People don’t WANT to do the research, think, and come to their own conclusions based on hard data. They want to “believe in science” whilst checking up on their horoscopes, rubbing their lucky Whatever before picking their Powerball Numbers, and “hoping against hope” that the cancer will go away.

This is why despite the fancy charts, I “believe in” Amazon’s numbers.

You can do the same assessment and will likely to the same count: fantasy is preferable to science fiction because it requires very little of us. (Despite the sarcasm, I have a sneaking suspicion that They would agree with me…)

References: https://ingmaralbizu.com/why-is-fantasy-more-popular-than-science-fiction/, (sarcastic – there’s no difference at all) https://www.tor.com/2019/11/06/science-fiction-vs-fantasy-the-choice-is-clear/comment-page-2/, (a decade-old discussion on GOODREADS) https://www.goodreads.com/topic/show/912259-why-is-fantasy-more-popular-than-scifi (MN blogger/professor, over a decade old) https://shaunduke.net/2009/01/five-reasons-fantasy-is-better-than-6/, (doesn’t answer my question, but I loved the “fiction as a football field” analogy) https://lithub.com/lets-stop-with-the-realism-versus-science-fiction-and-fantasy-debate/
Image: https://lithub.com/wp-content/uploads/2020/09/Chart_2.jpeg

January 12, 2021

IDEAS ON TUESDAYS 479

Each Tuesday, rather than a POSSIBLY IRRITATING ESSAY, I'd like to both challenge you and lend a helping hand. I generate more speculative and teen story ideas than I can ever use. My family rolls its collective eyes when I say, "Hang on a second! I just have to write down this idea..." Here, I'll include the initial inspiration (quote, website, podcast, etc.) and then a thought or two that came to mind. These will simply be seeds -- plant, nurture, fertilize, chemically treat, irradiate, test or stress them as you see fit. I only ask if you let me know if anything comes of them. Octavia Butler said, “SF doesn’t really mean anything at all, except that if you use science, you should use it correctly, and if you use your imagination to extend it beyond what we already know, you should do that intelligently.”


SF Trope: body transformations/cyber implants/the Borg…
Current Event: http://www.youtube.com/watch?v=_2qPWc32LS8&feature=related, http://www.youtube.com/watch?v=SIqAnrjqb0Y, http://www.youtube.com/watch?v=QWTE97GteZA

[NOTE: STAR TREK’s Borg still creep me out and while they ended up defeated, compromised and hardly implacable by the end of all the series, I wonder if the writers did that to make themselves feel safer. When they first appeared in ST:TNG, they were anything BUT beatable…and they still creep me out…]

Hajnal Nagy stared at her lab partner. “What do you mean, they ‘creep you out’?”

Voytek Jankowski shook his head. “It doesn’t bother you that Ms. Hawkinson’s substitute is more machine than human?”

Hajnal shook her head. “Why should the ratio of Mr. Yakovlev’s flesh to metal and plastic bother you?”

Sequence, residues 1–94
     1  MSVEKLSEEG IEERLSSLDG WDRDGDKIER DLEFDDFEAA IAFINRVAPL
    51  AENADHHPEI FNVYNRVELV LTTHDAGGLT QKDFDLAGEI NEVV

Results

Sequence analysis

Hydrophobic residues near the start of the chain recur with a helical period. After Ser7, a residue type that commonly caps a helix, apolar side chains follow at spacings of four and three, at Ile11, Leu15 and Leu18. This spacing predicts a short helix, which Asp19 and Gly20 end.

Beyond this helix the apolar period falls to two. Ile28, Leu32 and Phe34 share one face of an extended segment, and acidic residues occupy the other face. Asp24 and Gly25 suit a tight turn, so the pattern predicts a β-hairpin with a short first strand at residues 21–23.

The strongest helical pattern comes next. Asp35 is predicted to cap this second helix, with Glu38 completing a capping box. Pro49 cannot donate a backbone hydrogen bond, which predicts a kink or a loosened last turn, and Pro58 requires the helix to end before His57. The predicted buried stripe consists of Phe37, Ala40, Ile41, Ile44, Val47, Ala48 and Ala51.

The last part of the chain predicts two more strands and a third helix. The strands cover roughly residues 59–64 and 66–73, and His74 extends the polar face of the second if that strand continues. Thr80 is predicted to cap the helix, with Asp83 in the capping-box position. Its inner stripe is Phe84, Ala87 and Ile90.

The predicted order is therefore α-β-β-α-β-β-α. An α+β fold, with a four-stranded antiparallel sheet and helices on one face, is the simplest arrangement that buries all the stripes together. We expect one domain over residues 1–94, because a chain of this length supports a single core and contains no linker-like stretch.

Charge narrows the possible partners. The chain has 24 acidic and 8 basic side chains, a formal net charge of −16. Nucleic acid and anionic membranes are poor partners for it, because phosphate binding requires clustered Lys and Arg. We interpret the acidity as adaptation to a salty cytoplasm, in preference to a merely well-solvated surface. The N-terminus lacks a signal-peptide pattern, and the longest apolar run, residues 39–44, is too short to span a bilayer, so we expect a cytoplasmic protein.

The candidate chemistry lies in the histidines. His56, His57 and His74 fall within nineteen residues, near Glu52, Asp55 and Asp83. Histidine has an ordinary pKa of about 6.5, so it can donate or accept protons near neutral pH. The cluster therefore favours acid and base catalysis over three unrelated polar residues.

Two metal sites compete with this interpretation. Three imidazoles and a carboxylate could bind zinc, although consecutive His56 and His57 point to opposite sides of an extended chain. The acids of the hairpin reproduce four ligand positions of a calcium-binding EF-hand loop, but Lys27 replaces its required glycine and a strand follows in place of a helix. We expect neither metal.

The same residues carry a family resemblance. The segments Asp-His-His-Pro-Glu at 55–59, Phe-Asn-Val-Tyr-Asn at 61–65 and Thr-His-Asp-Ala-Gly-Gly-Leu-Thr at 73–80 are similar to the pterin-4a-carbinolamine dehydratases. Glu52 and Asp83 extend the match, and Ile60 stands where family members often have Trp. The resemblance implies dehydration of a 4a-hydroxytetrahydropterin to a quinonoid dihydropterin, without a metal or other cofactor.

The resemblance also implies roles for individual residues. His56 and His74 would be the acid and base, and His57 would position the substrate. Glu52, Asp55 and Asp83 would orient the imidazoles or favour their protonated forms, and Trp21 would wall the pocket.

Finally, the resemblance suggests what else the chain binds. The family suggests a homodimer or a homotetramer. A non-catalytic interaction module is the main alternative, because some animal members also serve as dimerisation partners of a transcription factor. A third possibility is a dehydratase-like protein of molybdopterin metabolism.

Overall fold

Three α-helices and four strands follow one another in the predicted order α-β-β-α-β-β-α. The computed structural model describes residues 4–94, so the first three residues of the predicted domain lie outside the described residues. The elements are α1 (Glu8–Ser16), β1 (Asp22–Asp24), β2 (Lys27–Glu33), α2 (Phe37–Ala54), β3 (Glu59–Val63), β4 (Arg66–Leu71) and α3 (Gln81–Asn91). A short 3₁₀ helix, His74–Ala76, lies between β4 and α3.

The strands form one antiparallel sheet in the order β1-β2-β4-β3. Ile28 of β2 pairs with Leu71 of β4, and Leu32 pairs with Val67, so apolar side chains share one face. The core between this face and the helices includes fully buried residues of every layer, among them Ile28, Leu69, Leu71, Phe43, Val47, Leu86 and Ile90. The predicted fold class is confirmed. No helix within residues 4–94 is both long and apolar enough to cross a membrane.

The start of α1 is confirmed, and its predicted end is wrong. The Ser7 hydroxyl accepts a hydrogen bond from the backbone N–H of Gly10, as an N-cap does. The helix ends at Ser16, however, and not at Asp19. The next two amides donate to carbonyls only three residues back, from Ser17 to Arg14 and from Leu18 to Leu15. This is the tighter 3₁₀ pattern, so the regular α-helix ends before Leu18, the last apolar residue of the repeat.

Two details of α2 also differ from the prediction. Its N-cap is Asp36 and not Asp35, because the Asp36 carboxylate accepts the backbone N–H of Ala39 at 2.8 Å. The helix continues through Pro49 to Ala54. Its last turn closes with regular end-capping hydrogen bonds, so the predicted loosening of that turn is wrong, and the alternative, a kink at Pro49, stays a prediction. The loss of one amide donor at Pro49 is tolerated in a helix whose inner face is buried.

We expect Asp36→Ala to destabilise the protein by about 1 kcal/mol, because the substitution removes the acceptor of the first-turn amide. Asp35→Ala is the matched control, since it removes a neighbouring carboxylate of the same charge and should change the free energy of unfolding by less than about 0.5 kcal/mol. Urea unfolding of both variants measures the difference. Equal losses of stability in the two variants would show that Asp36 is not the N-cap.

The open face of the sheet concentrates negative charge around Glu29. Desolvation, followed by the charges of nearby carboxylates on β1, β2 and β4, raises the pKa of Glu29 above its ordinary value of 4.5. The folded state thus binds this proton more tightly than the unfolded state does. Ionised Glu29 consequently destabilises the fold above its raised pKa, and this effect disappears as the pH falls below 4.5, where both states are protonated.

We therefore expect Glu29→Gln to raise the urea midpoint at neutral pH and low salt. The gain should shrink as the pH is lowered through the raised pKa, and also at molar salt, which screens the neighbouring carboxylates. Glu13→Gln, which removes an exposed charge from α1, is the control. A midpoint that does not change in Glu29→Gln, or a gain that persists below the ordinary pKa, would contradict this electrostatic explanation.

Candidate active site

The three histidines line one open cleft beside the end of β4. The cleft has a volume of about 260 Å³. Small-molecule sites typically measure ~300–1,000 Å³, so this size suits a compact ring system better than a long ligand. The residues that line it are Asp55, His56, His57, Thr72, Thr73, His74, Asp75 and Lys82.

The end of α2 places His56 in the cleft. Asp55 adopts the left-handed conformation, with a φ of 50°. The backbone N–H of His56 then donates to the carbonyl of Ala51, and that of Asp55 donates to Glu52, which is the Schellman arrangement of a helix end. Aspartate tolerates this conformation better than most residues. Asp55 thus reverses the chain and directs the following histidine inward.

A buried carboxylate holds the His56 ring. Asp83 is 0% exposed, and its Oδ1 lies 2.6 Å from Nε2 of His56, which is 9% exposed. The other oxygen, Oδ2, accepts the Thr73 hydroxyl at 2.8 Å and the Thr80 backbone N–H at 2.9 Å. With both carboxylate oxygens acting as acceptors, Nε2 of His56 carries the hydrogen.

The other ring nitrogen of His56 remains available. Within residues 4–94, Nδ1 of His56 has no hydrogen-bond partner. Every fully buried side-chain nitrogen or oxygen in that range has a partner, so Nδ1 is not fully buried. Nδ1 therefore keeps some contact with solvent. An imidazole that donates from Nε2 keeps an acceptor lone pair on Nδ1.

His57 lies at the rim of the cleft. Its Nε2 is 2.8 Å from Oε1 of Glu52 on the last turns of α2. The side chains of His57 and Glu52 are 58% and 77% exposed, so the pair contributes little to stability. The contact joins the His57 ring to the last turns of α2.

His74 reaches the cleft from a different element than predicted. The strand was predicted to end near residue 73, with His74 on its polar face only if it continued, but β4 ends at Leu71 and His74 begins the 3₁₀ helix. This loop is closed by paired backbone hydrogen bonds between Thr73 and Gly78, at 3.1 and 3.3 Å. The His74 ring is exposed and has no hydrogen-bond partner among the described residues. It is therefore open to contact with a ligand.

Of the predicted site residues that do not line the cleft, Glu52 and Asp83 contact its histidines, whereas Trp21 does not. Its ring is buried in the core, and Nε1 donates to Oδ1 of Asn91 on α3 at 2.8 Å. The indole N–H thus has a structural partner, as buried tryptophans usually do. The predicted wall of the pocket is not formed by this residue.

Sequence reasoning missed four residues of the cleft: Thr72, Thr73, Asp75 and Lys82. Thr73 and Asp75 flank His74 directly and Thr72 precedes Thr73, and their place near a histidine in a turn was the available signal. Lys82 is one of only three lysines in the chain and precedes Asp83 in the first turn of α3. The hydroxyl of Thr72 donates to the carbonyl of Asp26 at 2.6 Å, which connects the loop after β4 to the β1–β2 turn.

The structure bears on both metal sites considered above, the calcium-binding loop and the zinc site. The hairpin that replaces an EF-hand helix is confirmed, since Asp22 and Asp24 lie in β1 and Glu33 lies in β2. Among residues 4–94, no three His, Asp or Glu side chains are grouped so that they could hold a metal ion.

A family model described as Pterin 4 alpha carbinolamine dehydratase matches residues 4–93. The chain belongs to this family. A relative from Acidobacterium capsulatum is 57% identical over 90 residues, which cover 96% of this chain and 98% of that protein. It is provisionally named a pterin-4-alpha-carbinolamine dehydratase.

“Didn’t you ever see the old movie, ‘Terminator’?”

“Duh. I like old movies as much as you do, so yeah, I saw it. But what does a time-traveling robot have to do with our substitute? He looks Human.” She glanced at the man where he was working with another student at the front of the chemistry room. While he certainly did look Human, the left side of his face was augmented by non-flesh implants. He’d told them he’d been in a car accident and they’d rebuilt his eye, ear and replaced the left side of his jaw with plastic bone and teeth. His hand was also partially prosthetic and, he’d added, even though they couldn’t see it, he carried a pacemaker to keep his partially damaged heart beating and had an implanted TENS unit to take care of his pain. He’d finally added that TENS was an acronym for Transcutaneous Electrical Nerve Stimulation unit.

He’d written that on the white board, smiling and saying, “Isn’t this one of those ‘teachable moments’?”

“You didn’t think him talking about ‘teachable moments’ was sort of creepy?”

“Why would that be creepy?” Hajnal asked.

“I want to know what he thought he was teaching us.”

Hajnal rolled her eyes and got back to the work on the page of problems. Voytek said, “But...” Hajnal waved him off half a dozen times before he left in a huff. Once he was gone, she found herself looking up at Mr. Yakovlev. He was leaning on one elbow, pointing to a worksheet and trying to explain something to a student.

She muttered, “Stupid Voytek!” and got back to work. But she couldn’t help it. Her eyes were drawn back to his face. The plastic skin was identical in color to his real skin. The eye had a white sclera, but the iris was silver and the pupil wasn’t exactly round but a vertical oval, almost lizard-like. The fake skin on his hand was also a perfect color match and – she noticed with interest from where she sat – there were hairs on both of his arms. “Stupid Voytek!” she muttered. She turned in her stool so her back was to the front of the room.

She was sitting like that, hunched over the worksheet, when a voice said, “Do you understand orbital notation…” the voice paused, rustled paper, then said, “Ms. Nagy?”

Knowing that she was blushing crimson, she didn’t turn or look up, but hunched farther as she said, “Uh, yes, sir. It seems pretty straight-forward.”

He hummed, “Perhaps you’d like to come up to the front of the room and demonstrate your methodology for the rest of the class. Few of them seem to understand why you do not fill in the 5s1 orbital until after you’ve filled in the 3d5 and 4p3 orbitals.”

Someone from the class called out, “Hajnal gets it!”

Someone else started pounding on the table, “Let Hajnal teach us! Let Hajnal teach us!”

She finally turned around. Now that she was thoroughly embarrassed, she looked up at Mr. Yakovlev as he said, “This is a teachable moment, Ms. Nagy.” He smiled and she noticed then that his teeth, instead of being white, were silver. And as she looked, a tiny red light lit up on each one, while at the same moment, the vertical oval glowed blood red…